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Best Famous Smoking Gun Poems

Here is a collection of the all-time best famous Smoking Gun poems. This is a select list of the best famous Smoking Gun poetry. Reading, writing, and enjoying famous Smoking Gun poetry (as well as classical and contemporary poems) is a great past time. These top poems are the best examples of smoking gun poems.

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Written by Chris Mansell | Create an image from this poem

the beekeeper

 the population controller
slips into disguise
his charming suit
his veil of words
conceals his gaze
he has laid out the fields
and filled them with blossoms
and counted the money jars

in his SimCity slim city
androgyn sharp
bodies are worry perfect
slicked back souped up
cool as drones
the neutered ones
will dance for one another
in the pages of glib
they make their ideal
hexagonal cubicles
gleam with honey
they gel their wings
catch their reflections
in passing pools
hope they’ll win
somehow against
the odds

they won’t
the beekeeper has
a boxed and ready fear
of bees
he won’t
let them forget
he tells them
duty honour
the sacredness of home
and holds a smoking gun
for dissident and obedient alike

those who gather in the courtyards
of fame he’ll teach his rules
those who gather in the squares
he’ll fight with guns and scorn
those who write destinations in the air
he’ll silence
his fields and his alone
are edible he’ll say
and all the rest are poison
and all those who disagree
are fools or mad
and must be fought
for sanity and for country
and the bees obey


Written by Robert William Service | Create an image from this poem

The Pigeon Shooting

 They say that Monte Carlo is
A sunny place for shady people;
But I'm not in the gambling biz,
And sober as a parish steeple.
so though this paradisal spot The devil's playground of the rich is, I love it and I love it not, As men may sometimes fall for bitches.
I lazed beneath the sky's blue bliss, The sea swooned with a sequin glimmer; The breeze was shy as maiden kiss, The palms sashayed in silken shimmr.
The peace I soaked in every pore did me more good than ten religions .
.
.
And then: Bang! Bang! my joy was o'er; Says I: "There goes them poor dam pigeons.
" I see them bob from out their traps, the swarded green aroud them ringing; bewildered, full of joy perhaps, With sudden hope of skyway winging.
They blink a moment at the sun, They flutter free of earthy tether .
.
.
A fat man holds a smoking gun, A boy collects some blood and feather.
And so through all the sainted day, Bang! Bang! a bunch of plumage gory.
Five hundred francs they cost to slay, And few there live to tell the story .
.
.
Yet look! there's one so swift to fly, Despite the shots a course he's steering .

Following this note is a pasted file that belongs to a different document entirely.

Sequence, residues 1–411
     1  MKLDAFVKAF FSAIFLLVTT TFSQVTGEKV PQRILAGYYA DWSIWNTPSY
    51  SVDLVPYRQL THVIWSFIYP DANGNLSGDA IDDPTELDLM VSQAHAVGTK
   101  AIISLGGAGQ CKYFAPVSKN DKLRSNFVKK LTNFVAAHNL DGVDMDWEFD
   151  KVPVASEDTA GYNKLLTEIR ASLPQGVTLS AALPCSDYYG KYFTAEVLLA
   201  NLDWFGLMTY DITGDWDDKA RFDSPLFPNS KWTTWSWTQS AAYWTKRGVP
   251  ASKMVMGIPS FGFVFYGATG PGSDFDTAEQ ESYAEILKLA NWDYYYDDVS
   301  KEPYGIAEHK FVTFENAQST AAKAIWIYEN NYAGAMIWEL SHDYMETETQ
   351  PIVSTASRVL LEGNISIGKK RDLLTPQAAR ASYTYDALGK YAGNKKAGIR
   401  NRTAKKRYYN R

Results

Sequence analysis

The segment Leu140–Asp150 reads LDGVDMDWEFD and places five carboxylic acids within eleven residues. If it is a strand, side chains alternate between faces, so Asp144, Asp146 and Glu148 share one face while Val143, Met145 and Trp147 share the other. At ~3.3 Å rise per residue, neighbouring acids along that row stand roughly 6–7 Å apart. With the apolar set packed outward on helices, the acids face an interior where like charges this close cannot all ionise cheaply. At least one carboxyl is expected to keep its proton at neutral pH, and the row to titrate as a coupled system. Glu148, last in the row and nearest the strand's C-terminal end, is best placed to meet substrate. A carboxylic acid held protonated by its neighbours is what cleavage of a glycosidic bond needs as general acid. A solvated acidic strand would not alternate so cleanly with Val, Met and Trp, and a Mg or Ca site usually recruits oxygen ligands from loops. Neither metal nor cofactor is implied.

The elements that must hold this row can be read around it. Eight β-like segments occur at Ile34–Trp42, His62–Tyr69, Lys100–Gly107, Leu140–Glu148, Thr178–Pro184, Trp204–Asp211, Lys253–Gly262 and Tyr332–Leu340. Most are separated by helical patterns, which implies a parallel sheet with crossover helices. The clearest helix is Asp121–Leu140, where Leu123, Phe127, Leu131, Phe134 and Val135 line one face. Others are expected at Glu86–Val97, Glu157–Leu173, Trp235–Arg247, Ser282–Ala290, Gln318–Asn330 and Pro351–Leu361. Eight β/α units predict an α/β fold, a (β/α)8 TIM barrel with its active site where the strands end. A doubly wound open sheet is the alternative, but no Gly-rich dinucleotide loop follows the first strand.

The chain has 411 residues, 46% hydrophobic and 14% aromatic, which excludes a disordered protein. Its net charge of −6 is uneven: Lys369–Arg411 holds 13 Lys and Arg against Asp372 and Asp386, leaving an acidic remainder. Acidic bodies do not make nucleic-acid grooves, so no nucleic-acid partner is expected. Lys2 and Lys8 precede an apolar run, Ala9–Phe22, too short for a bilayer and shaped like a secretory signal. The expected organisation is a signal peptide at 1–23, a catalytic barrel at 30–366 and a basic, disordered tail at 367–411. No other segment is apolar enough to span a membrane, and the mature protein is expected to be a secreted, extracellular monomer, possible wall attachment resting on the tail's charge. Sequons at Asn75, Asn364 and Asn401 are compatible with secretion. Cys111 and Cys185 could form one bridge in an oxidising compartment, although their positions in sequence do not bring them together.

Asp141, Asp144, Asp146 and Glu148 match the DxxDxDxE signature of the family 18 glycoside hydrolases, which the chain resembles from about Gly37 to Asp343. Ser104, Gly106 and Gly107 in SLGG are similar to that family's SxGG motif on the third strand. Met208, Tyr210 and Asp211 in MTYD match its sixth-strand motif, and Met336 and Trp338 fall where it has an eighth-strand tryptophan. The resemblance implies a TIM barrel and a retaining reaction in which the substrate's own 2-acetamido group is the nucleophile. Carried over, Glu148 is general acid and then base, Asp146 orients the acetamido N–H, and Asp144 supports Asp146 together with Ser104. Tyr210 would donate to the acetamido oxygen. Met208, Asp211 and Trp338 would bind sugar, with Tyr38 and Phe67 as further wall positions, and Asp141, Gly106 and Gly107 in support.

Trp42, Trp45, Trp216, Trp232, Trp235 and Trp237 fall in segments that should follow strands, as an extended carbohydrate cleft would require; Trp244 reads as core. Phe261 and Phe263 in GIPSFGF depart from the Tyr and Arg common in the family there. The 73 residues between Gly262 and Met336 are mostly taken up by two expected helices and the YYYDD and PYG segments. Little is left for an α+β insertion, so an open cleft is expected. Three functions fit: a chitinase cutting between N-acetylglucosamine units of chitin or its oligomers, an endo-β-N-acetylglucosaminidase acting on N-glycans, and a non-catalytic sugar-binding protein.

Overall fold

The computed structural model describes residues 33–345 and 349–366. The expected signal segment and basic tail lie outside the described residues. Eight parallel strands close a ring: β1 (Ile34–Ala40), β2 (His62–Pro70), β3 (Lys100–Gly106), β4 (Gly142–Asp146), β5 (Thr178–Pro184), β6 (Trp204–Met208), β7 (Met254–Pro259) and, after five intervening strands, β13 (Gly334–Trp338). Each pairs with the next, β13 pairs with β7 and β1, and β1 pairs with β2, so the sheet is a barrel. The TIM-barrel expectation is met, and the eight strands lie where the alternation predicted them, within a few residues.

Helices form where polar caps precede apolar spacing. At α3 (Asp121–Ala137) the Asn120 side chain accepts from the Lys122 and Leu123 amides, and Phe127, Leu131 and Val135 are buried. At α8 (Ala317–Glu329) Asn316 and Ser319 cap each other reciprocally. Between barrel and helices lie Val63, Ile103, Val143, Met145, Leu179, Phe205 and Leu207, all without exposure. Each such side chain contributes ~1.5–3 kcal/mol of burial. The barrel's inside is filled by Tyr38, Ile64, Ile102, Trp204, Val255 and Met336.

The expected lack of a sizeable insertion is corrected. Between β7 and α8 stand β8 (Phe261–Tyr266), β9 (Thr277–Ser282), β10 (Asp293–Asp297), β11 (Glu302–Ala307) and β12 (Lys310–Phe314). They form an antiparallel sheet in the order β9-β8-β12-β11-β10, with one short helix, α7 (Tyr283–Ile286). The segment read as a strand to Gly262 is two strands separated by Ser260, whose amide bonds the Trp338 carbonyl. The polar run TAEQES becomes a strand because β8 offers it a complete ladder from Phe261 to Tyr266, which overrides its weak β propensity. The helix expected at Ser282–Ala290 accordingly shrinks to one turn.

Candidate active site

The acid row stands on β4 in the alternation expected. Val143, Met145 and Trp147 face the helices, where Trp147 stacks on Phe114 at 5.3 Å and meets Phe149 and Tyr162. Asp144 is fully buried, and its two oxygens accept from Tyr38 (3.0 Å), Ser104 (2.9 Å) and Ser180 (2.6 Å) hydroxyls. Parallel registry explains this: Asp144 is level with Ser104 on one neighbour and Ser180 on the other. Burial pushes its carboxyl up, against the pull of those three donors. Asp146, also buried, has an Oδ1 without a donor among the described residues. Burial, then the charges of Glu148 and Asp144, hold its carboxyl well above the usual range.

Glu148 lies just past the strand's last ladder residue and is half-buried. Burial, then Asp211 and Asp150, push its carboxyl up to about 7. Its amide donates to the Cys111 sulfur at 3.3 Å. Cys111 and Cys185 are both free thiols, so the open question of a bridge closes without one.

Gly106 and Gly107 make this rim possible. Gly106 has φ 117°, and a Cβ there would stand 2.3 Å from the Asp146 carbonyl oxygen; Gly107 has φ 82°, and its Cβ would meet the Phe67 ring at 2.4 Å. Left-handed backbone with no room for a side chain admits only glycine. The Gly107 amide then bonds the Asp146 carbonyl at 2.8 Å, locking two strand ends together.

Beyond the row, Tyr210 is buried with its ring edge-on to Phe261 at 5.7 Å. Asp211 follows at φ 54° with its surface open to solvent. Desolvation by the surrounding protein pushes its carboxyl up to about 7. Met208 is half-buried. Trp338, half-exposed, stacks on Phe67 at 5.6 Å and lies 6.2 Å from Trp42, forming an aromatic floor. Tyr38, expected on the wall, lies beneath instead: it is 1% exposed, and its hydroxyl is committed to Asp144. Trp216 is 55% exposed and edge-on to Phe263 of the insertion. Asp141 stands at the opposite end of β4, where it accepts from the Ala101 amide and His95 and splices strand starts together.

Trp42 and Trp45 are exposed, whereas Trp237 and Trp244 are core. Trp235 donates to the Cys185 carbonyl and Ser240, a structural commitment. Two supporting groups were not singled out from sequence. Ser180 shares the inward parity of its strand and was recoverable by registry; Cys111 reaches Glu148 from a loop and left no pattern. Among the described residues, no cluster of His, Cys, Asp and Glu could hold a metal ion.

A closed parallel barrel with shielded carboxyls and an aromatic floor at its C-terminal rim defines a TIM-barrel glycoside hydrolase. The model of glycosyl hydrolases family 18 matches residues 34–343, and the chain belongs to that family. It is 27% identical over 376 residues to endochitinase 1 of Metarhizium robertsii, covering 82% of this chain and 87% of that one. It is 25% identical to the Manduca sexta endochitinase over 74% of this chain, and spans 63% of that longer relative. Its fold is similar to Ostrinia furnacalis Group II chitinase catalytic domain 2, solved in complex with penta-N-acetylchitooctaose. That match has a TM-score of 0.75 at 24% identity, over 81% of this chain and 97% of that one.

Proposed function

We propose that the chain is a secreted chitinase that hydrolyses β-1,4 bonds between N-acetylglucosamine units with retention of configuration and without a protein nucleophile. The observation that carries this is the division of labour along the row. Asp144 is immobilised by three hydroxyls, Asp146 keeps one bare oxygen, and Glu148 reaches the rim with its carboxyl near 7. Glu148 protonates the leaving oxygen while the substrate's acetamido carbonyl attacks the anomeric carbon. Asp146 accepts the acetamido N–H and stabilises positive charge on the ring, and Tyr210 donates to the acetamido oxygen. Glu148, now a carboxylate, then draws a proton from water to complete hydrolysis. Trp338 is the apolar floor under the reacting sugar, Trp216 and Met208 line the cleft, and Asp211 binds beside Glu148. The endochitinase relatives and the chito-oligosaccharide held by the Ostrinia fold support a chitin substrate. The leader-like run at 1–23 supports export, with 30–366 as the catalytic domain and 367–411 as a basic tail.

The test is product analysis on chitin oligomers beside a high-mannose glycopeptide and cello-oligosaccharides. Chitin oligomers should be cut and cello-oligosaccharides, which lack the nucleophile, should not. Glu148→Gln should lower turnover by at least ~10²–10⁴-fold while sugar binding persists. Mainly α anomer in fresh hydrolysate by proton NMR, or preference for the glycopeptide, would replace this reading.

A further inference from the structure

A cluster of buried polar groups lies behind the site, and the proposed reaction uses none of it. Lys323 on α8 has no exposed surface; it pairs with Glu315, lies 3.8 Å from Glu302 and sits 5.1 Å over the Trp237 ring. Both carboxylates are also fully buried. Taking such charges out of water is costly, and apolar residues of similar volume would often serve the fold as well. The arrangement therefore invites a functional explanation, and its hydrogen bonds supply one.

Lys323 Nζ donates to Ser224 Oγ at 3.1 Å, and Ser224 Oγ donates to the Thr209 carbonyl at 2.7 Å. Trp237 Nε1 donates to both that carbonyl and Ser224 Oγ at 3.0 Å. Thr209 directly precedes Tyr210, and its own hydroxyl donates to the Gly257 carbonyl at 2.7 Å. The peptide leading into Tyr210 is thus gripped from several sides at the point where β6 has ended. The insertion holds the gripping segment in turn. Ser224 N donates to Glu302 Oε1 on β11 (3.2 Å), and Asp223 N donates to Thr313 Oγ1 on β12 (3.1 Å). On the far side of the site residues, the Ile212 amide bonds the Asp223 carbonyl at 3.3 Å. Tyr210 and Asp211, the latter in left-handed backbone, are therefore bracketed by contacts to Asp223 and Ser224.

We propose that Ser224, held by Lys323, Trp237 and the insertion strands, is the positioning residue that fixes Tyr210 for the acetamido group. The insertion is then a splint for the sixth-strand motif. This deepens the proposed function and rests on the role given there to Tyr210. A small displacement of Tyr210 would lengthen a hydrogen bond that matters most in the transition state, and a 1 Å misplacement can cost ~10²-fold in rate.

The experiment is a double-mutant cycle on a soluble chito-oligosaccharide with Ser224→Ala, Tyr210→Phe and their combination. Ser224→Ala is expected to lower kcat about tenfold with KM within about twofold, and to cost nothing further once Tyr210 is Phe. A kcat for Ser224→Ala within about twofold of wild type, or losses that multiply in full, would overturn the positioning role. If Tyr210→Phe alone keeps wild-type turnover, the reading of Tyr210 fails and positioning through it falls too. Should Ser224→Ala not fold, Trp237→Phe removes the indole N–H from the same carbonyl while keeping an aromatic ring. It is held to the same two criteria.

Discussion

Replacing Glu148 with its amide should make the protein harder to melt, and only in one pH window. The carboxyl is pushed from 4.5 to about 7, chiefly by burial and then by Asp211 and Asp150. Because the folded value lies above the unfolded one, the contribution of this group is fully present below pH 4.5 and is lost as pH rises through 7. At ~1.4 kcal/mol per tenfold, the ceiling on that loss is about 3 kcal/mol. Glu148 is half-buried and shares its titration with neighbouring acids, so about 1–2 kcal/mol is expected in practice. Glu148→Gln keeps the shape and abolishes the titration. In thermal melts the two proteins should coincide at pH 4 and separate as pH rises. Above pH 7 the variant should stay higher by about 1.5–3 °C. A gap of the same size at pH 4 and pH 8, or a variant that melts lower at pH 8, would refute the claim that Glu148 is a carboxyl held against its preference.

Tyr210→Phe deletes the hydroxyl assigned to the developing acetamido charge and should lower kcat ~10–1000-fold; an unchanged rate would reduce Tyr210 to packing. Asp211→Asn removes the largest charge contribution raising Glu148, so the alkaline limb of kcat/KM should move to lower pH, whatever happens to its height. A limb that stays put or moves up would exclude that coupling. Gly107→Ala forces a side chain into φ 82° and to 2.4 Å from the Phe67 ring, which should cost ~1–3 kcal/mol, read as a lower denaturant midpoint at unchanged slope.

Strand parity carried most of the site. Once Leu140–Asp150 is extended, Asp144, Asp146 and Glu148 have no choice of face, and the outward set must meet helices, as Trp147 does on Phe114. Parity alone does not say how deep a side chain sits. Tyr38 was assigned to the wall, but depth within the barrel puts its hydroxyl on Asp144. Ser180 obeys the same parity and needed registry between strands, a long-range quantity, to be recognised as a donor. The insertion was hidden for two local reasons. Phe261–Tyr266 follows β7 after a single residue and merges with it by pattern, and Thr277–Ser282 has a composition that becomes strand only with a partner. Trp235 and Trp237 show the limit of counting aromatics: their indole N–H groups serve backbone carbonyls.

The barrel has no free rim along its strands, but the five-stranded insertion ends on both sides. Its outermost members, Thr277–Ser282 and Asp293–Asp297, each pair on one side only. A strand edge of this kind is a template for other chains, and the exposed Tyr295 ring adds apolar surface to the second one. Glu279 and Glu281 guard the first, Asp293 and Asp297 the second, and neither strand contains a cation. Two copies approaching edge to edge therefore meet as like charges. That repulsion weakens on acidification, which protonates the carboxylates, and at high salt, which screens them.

.
.
Brave little bird! he's winging high, He's gained the trees - I feel like cheering.
In Monte Carlo's garden glades With dreamful bliss one softly lingers, And lazily in leafy shades The doves pick breadcrumbs from one fingers .
.
.
Bang! Bang! Farewell, oh sylvan courts! Where peace and joy are sweetly blended .
.
.
God curse these lousy Latin sports! My pigeons scat, my dream is ended.
Written by Carl Sandburg | Create an image from this poem

John Ericsson Day Memorial 1918

 INTO the gulf and the pit of the dark night, the cold night, there is a man goes into the dark and the cold and when he comes back to his people he brings fire in his hands and they remember him in the years afterward as the fire bringer—they remember or forget—the man whose head kept singing to the want of his home, the want of his people.
For this man there is no name thought of—he has broken from jungles and the old oxen and the old wagons—circled the earth with ships—belted the earth with steel—swung with wings and a drumming motor in the high blue sky—shot his words on a wireless way through shattering sea storms:—out from the night and out from the jungles his head keeps singing—there is no road for him but on and on.
Against the sea bastions and the land bastions, against the great air pockets of stars and atoms, he points a finger, finds a release clutch, touches a button no man knew before.
The soldier with a smoking gun and a gas mask—the workshop man under the smokestacks and the blueprints—these two are brothers of the handshake never forgotten—for these two we give the salt tears of our eyes, the salute of red roses, the flame-won scarlet of poppies.
For the soldier who gives all, for the workshop man who gives all, for these the red bar is on the flag—the red bar is the heart’s-blood of the mother who gave him, the land that gave him.
The gray foam and the great wheels of war go by and take all—and the years give mist and ashes—and our feet stand at these, the memory places of the known and the unknown, and our hands give a flame-won poppy—our hands touch the red bar of a flag for the sake of those who gave—and gave all.